In the past, we have taken the month of December off of doing schoolwork at home, and focusing on preparation for Christmas and just taking a long break. This year, though, we didn’t do as much schoolwork in the summer as we usually do, because I pulled the kids into gardening help more than I have in the past. They’re old enough to help more, and most of the time, they enjoyed it. I struggle sometimes in labeling a gardening day “non-school” as well, though, as there is much learning done in the garden. So much so, that many large, and even urban schools are using gardens to teach the kids.
So we’re still doing schoolwork, but I decided at the very least, during this month I can mix up the prioritization of subjects during this month. There are some subjects that we usually prioritize (reading, writing, arithmetic) but some subjects (koine greek, poetry) if we don’t get to them, it’s okay. We’ll try again the next day. So this month, since we are trying to encourage the kids to make most of their gifts, we are going to prioritize art. Not only have we been studying some artists’ works, but we are learning a new appreciation to how much energy and thought, not to mention skill goes into that work.
For awhile now, Knut and I have talked about getting some of our kids some woodworking tools, as we have a nice little wilderness behind our house to find some wood to whittle, and it requires a lot of patience and focus from the child…both skills we wish our kids would develop more.
Ironically, this month’s issue of Taproot magazine, had an article talking about teaching kids to whittle wood, and which whittling knives are recommended for kids, and how to teach them basic safety with woodworking knives. That’s all I needed to push me over the edge, so recently our kids’ knives (the 3 older ones got some) arrived and wood chips seem to be continually on my kitchen floor now.
We spent some time in the beginning going over safety rules, and talking about the dangers of knives. We set up some house rules with the knives, and let the kids pick out some wood from the woodbox next to the fireplace. They want to whittle some Christmas presents, and they each had an idea of what they wanted to make. Knut promises to take them for a walk to show them some wood he thinks they’d really like to use out in the woods. Knut loves carpentry, as a hobby, so he knows more about what kinds of wood there is, and different characteristics of that wood than I do.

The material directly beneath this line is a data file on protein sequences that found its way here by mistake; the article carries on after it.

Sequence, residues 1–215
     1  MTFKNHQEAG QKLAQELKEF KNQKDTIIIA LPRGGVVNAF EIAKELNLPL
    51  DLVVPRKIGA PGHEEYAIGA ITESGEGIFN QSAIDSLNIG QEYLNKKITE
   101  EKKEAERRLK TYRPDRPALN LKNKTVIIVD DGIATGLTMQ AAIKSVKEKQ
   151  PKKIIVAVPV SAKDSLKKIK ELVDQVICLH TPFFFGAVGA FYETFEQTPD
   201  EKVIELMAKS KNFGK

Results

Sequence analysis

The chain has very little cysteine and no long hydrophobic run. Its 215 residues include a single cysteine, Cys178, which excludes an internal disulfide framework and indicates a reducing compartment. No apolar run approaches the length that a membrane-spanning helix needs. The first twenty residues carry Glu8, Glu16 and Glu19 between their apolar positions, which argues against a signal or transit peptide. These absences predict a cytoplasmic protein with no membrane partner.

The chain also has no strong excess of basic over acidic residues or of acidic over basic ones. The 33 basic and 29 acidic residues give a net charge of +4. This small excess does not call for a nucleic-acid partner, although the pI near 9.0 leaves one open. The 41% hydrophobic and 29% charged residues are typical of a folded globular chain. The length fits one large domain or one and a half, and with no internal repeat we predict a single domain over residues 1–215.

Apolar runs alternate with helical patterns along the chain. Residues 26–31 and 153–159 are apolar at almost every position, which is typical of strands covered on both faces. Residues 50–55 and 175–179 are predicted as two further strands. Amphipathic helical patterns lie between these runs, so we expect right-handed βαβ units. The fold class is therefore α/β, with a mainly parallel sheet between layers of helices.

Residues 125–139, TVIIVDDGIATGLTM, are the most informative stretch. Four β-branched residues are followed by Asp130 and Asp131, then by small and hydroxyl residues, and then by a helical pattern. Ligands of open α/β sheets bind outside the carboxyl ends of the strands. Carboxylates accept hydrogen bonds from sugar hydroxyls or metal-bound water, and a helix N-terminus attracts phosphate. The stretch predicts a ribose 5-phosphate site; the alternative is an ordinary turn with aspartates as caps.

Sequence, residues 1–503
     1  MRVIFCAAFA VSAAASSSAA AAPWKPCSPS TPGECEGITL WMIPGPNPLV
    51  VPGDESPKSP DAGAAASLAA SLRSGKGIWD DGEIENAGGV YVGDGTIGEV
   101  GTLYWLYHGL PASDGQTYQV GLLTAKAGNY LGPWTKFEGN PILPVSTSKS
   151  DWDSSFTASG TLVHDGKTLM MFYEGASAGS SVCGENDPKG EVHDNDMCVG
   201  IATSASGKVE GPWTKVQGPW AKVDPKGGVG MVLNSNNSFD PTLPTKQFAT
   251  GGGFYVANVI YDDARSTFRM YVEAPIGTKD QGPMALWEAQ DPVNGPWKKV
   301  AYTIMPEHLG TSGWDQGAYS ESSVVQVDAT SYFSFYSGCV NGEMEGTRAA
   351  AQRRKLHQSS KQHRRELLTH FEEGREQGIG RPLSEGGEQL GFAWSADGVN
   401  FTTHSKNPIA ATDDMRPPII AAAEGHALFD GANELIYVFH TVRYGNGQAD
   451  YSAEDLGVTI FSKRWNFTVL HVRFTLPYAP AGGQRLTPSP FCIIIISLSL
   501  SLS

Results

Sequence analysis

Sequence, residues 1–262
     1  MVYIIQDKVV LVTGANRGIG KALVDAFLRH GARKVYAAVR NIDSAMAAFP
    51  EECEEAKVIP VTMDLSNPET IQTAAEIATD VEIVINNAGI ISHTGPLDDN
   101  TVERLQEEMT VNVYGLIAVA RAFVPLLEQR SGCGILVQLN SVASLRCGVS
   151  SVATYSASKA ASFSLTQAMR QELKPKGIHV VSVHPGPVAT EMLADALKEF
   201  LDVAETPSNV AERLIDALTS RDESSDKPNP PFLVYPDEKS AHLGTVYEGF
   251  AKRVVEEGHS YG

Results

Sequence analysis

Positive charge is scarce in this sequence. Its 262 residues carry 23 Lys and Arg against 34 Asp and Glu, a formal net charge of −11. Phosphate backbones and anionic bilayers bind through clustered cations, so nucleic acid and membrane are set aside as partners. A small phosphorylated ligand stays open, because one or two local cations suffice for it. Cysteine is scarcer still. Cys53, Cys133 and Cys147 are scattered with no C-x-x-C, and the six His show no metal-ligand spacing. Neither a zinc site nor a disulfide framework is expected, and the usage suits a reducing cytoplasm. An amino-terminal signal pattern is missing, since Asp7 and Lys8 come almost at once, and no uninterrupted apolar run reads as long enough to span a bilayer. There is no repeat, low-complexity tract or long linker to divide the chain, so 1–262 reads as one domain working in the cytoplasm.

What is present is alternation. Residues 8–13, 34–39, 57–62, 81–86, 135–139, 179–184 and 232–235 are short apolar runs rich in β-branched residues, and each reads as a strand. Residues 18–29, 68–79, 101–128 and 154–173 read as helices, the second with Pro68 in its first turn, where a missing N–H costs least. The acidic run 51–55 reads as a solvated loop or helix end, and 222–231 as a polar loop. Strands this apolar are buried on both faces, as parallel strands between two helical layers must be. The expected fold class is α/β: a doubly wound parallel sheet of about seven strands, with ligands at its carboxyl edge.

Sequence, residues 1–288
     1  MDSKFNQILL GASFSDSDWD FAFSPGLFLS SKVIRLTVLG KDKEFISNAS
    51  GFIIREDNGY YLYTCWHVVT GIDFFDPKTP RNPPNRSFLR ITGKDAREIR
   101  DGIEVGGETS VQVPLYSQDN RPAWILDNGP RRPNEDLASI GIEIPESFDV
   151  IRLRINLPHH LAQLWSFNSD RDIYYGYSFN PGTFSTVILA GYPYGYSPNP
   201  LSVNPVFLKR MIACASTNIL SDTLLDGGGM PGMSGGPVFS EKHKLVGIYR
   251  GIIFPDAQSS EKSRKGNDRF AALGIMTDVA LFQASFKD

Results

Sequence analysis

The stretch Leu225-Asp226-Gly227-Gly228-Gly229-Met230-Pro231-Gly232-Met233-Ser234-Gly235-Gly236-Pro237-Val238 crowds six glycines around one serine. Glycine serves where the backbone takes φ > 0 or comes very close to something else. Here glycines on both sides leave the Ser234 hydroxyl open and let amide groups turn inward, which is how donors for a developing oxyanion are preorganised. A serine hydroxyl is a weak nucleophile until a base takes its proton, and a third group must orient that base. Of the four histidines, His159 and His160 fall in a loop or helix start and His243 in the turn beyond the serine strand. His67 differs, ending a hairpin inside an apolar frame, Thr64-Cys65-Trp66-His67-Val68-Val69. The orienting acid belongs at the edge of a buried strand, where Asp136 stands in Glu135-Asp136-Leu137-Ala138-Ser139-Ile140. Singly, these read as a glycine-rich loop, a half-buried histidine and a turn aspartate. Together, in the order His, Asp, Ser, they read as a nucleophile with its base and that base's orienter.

Elias and I had some 1 on 1 training time as the 2 older kids were at piano lessons. He was so excited. He is truly the most artistic of my kids, and with this element of danger added, he was completely on board. You should have seen the concentration on his face, and the time he took to think. We talked about how to find the grain of the wood, and examined different parts of the stick he chose, and talked about what made it a good piece, or a bad piece. I’ve never whittled wood, but we just talked. We talked about thinking where the knife would go if it slipped. We always wanted it to hit air if it slipped. He worked so hard.
When Silje and David got home, they were so excited to get to it. Silje claimed she couldn’t do it about 15 seconds into whittling. She excels at almost everything she tries, and if she’s not good immediately, she normally walks away or claims that she doesn’t like it. She’s brilliant, but we’re really trying to help her learn to work through hard things that actually don’t come easily. I made her stay and try. After complaining for about 5 minutes, she ended up getting sucked in for about an hour, and learned a few tricks along the way through trial and error. This morning she was whittling with Knut before breakfast before I got up. I think she wishes it would go faster, but she can’t help but keep shaving off more pieces either. It’s hard to stop.
David of course, plans on whittling a whole chess set, which I think is a tad too ambitious as a starter project, but I won’t tell him. He’s working so hard at it.
I can’t believe I’m turning into the mother who is letting her kids play with knives, but there you have it. Right now they can only whittle in the kitchen when I’m working in there, and turn in their knives to me when they want a break. While Silje and Elias love painting and drawing, David hates art…yet he loves this. There’s something about the hardness of it, and the element of danger that draws him in. It’s sitting and concentrating, and yet he’s completely on board.
What’s more, is after our whittling lesson, we returned to the pictures of Michelangelo’s marble sculptures, and the kids have a completely new appreciation for the detail work, and the difficulty level of what was actually accomplished. They stare at the picture for ages, and talk about how on earth did he make marble look like draping fabric, and what sort of tools do you think he used? The sheer number of questions they have have increased ten-fold since we saw the exact same pictures 2 weeks ago.
Sometimes the best way to appreciate art is to roll your sleeves up and get to work!